University President Lee Bollinger shared his views on the University’s role in an era increasingly dominated by the forces of globalization, political uncertainty, and the free speech debate during a fireside chat on Thursday.
The event, which is held in Bollinger’s home several times per year, gives students the opportunity to ask questions to Bollinger directly. Executive Vice President for University Life Suzanne Goldberg, Vice President for Campus Services Scott Wright, and Dean of Undergraduate Student Life Cristen Kromm were also in attendance.
Students at the chat began by asking Bollinger to comment on the statements FBI Director Christopher Wray made in recent weeks regarding the potential threat that international students—specifically from adversarial nations—pose to U.S. national security interests. Bollinger acknowledged the issue, but answered by defending the long-standing tradition of transparency in academia.
“Everything we do here ends up in published places. We believe in open search for truth, and we believe in publishing that and being open about it. And we also believe in bringing in the best and most talented people all over the world. This has been a critical part of the genius of the American system,” he said. “All that said … we are very much aware when someone comes in—maybe intentionally, maybe from the beginning—and tries to steal intellectual property from the institution and takes it out and uses it for their advantage. … We watch for it all the time.”
On the broader issue of Columbia’s dual mandate as both an American and international institution, Bollinger attributed the University’s culture of openness as fundamental to engaging with the world in which we live. Citing the environmental debate as an issue where radio and TV brought the discourse from a local to a national level, Bollinger asserted that the Internet will—in a similar way—necessitate wider viewpoints. Bollinger further alluded to Columbia’s Global Centers, which he also touted in a fireside chat last October, and other University-wide initiatives, such as Columbia World Projects, as effective responses to an increasingly interconnected world.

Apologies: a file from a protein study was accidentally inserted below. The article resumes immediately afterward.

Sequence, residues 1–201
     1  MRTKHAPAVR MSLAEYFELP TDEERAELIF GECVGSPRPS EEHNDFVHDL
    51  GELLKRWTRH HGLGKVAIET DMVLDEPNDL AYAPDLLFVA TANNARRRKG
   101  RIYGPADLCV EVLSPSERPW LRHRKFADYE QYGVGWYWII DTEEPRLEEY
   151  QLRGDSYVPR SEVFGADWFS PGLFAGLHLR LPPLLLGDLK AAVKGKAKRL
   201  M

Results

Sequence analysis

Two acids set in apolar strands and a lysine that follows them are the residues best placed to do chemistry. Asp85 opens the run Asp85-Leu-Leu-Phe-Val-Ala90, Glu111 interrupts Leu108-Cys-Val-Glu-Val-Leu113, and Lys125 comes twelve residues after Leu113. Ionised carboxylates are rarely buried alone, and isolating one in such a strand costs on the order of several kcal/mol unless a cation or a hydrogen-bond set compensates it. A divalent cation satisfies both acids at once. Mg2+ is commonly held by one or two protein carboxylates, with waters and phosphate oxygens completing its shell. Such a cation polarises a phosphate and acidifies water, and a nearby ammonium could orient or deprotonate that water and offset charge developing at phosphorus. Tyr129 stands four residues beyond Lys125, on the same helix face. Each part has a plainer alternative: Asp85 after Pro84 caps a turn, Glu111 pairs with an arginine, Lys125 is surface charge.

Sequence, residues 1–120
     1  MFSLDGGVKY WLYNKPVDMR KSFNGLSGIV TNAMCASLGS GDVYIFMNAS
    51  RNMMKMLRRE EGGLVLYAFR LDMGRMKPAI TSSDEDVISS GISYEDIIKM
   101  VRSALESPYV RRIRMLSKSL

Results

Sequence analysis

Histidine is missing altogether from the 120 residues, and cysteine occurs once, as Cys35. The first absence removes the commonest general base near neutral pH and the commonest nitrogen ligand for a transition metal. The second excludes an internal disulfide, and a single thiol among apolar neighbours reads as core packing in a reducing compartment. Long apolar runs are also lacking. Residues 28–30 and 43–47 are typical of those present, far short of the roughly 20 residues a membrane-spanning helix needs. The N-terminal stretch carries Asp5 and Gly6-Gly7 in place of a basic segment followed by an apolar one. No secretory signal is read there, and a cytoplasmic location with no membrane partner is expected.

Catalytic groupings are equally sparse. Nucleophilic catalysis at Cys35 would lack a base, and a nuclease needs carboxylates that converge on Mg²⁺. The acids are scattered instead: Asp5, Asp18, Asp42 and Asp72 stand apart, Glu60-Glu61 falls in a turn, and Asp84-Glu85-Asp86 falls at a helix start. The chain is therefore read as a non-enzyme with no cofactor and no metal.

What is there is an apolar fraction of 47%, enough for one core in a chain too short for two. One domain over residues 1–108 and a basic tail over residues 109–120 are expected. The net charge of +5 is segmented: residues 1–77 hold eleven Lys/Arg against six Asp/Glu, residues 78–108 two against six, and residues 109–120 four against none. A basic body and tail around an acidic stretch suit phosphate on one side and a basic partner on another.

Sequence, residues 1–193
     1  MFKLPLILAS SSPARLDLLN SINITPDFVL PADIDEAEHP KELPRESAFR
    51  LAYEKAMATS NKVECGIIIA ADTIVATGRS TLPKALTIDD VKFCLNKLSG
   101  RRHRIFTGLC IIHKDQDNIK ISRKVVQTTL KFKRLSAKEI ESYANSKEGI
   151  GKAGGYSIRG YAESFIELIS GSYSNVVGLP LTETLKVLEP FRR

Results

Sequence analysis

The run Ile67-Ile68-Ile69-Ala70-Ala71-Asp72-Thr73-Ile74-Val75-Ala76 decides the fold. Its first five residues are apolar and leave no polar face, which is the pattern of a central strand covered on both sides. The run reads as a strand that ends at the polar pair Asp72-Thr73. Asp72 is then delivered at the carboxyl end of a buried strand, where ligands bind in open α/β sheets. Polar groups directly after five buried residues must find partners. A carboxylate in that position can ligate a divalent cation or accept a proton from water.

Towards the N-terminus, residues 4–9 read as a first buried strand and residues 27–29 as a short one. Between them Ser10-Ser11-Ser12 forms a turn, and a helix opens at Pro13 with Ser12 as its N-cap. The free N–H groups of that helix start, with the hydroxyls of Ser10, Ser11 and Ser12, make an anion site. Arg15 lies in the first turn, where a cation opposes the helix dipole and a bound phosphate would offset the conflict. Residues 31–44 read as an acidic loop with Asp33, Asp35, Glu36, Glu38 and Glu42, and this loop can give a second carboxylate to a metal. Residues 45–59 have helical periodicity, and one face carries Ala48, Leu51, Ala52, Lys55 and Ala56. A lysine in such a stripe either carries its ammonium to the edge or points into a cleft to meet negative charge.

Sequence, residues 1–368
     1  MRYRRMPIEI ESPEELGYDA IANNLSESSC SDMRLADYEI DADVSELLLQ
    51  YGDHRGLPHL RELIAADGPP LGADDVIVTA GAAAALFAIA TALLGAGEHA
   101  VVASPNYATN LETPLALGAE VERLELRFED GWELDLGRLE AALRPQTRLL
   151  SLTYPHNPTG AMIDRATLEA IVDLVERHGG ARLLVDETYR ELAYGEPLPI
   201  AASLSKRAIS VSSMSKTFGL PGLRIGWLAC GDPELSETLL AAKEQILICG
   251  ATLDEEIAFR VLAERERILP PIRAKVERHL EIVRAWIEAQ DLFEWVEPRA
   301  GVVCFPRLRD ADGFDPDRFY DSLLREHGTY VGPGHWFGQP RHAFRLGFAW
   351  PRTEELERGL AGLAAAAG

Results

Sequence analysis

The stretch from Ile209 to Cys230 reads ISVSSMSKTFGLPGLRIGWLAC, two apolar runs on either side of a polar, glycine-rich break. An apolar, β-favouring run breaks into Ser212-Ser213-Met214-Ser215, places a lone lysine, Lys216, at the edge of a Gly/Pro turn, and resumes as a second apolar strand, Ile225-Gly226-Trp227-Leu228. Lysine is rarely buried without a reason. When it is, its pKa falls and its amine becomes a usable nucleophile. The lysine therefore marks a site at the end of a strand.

“The world has changed pretty dramatically. … The Trump administration and others can be against globalization, and they can do all kinds of things, but the forces of globalization are just too powerful to stop,” he said. “My view was that we had to, as a University, help our faculty and students get ready for that world and be part of it.”
Students also pressed Bollinger on issues of free speech, his area of academic expertise. Addressing a question regarding last year’s efforts by Barnard students to recommend that the administration divest from eight companies with ties to Israel, Bollinger flatly rejected the proposal.
“I don’t support that. … We should rarely, rarely make a decision not to do something unless there is a consensus in the campus that this is wrong,” he said. “On the issue raised, there is not a consensus; there is a whole host of views about this. … On the cases where [change] has happened, there has been a consensus.”
Bollinger also discussed hate speech in light of an incident that went viral last December when a white student harassed a group of predominantly black students outside Butler Library. In drawing the distinction between free speech and hate speech, Bollinger drew on many years of legal precedent that has largely asserted that controversial and even hurtful speech should be protected. He spoke at length about the First Amendment’s unique role in this case.
“[Even though] the First Amendment does not apply to Columbia, all private universities have embraced the First Amendment as their touchstone for thinking about these things. So in this case, this speech would be protected at a public institution if we tried to discipline the student. Under First Amendment current jurisprudence and under Columbia jurisprudence, it would be protected,” he said.